It is now known that the spark that lit the explosion in Charlottesville, Va., last weekend was the decision of its city fathers to remove a longstanding statue of General Lee.
The crusade against Confederate memory, and especially of monuments to Lee, makes it urgent that something cautionary be said, lest a racist rabble have the dispute to themselves.
The many monuments to Lee (and to Confederate soldiers, including “Silent Sam” on the UNC campus) are caught in a sanctimonious cross-fire. On one hand, we have a-historical zealots who believe that the way to cultivate “democracy” and racial harmony is to obliterate physical markers of the past, especially mementos of slavery. Even as ugly rioting marred the usual peace of Mr. Jefferson’s city, in the valley just across the mountain, at the university Lee once headed, Confederate battle flags have recently been banished from Lee Chapel. In that hallowed place, General and Mrs. Lee are “gathered with thy saints in glory everlasting,” but such sentiments are assuredly dead among the self-righteous.
Nothing, however, could more tarnish Lee’s memory than its association in deluded minds with white supremacists and “white nationalism.” And for many reasons, not least the character and career of Lee himself. Like Washington and Jefferson before him, Lee was a slaveholder, and a substantial one chiefly through Mrs. Lee’s Custis family legacy. Otherwise, as even casual students of his life are aware, he was a professional soldier, the flight of his errant father, a hero of the Revolution, an impoverishing embarrassment in his youth. He became an innovative superintendent of West Point, an influential civil engineer and hero of the Mexican War. When the South seceded, he was summoned by the Chief of Staff and offered command of the Union forces. He declined on grounds that he had no disposition to fight his family and kin. It is likewise familiar lore that as commander of the Army of Northern Virginia, he became a celebrated warrior, having emerged by default during a siege of Richmond when General Johnson was disabled. It is a record as honorable in principle as his decision not to fight his kin. It also imposed a tragic choice, as warfare tends to do. He was stripped of his citizenship, and it was not restored for a century.
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Apart from an urge to set the historical record straight, I admit that personal neutrality is impossible. In 1861, my maternal great-grandfather, a lawyer and planter in Georgia, organized a fighting company. This ancestral figure, an admirer of the founder of law studies at Athens (for whom he named my grandfather), fought at Lee’s side until August 1864, when he died in a James River battle. I taught for a decade at Washington and Lee University.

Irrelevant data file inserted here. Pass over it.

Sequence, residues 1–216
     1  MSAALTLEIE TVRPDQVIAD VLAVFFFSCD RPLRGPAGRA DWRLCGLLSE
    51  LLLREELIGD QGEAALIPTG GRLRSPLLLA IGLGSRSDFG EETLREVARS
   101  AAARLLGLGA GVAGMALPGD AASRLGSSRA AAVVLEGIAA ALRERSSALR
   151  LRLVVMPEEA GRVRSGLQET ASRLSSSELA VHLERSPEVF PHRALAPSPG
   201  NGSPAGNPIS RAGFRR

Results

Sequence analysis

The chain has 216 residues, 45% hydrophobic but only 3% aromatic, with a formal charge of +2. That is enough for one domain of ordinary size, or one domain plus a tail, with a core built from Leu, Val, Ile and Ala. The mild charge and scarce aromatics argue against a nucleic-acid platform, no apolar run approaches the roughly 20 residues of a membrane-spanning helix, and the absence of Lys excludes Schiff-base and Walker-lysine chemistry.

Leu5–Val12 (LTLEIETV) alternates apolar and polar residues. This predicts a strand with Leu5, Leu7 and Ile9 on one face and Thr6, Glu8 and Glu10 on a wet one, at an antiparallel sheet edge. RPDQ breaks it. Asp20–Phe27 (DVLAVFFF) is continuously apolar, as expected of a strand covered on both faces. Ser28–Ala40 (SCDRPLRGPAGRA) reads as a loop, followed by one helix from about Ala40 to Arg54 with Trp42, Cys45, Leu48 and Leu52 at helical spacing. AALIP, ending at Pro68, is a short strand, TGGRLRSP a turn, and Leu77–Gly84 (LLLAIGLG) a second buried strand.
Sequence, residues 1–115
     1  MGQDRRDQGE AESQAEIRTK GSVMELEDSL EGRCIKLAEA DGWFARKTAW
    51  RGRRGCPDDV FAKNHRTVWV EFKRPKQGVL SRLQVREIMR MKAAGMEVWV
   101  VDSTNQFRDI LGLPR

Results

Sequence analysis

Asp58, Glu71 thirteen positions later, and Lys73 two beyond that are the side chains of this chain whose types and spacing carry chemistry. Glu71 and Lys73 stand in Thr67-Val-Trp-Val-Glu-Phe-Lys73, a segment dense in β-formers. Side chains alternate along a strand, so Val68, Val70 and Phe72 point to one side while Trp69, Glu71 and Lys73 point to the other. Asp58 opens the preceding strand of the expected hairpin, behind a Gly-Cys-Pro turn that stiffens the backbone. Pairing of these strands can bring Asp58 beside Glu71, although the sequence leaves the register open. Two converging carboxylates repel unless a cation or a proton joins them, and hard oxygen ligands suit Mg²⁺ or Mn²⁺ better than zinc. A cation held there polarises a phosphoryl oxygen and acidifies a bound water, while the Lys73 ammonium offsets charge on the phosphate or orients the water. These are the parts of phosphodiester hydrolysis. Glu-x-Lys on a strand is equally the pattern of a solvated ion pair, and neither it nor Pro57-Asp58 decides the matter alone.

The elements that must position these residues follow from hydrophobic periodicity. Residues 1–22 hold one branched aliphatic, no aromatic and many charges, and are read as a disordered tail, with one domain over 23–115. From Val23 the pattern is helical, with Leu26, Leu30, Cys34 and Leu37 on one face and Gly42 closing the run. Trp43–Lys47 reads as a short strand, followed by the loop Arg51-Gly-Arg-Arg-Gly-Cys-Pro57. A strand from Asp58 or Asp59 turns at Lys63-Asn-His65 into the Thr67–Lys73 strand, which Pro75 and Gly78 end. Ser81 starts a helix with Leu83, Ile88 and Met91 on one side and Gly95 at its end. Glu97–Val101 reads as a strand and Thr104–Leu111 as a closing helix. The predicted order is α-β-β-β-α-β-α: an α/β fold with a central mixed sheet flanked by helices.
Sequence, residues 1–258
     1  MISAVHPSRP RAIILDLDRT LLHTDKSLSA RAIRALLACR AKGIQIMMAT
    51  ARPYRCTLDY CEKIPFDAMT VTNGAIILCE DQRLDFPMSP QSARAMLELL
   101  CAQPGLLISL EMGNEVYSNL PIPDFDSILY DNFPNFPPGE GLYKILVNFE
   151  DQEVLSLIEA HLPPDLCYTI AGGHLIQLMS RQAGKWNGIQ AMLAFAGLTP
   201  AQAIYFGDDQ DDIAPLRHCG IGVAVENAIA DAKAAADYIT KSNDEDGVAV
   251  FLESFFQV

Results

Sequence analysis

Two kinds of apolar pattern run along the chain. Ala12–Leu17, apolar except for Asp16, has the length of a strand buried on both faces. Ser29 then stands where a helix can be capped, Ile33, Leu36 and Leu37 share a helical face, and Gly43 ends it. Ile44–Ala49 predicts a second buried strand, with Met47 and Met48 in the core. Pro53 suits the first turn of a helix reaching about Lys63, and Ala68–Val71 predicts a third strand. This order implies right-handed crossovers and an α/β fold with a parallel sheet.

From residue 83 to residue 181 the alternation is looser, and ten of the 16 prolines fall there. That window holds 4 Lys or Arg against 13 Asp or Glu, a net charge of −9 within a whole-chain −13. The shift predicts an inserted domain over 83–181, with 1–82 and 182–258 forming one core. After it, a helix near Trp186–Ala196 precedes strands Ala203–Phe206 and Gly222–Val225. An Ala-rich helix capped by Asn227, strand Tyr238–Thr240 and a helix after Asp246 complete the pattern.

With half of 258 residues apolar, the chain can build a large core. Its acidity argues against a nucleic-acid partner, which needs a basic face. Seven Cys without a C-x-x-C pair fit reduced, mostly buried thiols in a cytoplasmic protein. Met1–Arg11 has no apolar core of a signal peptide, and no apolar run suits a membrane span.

In a lecture at the Virginia Historical Society, I described Colonel Logue’s history as a Confederate officer and pondered its meaning for me:
“These familial researches ... [have] little to do with racial pride, to say nothing of accord with the Confederate cause as it would have been understood in Georgia in 1861. For a remote descendant, the satisfaction ... lies in a sense of rootedness, the establishment of continuity with the history of a nation largely shaped by conflict. ... I do not doubt that the national destiny was better served by the principle of union. That was, after all, the view of Robert E. Lee himself until the threat to home and kin prompted him to affirm deeper local loyalties.”
“I am,” Lee wrote to a friend, “one of those dull people who see no value in secession.”
What more is there to say than that the madcap drive to cleanse and prettify our mixed American history is more likely to freeze than eradicate lingering hatreds. Nations, ours any more than others, are not of immaculate conception, although that pretense seems to be gaining. Even Lees and Washingtons, great men by any earthly measure, found themselves unwillingly entangled in institutions and acts they would have preferred to avoid. And it is our responsibility to the past to take it whole. As William Faulkner unforgettably put it, “The past isn’t over, it isn’t even past.” By erasing its signs and monuments we merely bury for a time what we should understand.
It is the ultimate fool’s errand.
Contributing columnist Edwin M. Yoder Jr. of Chapel Hill is a former editor and columnist in Washington.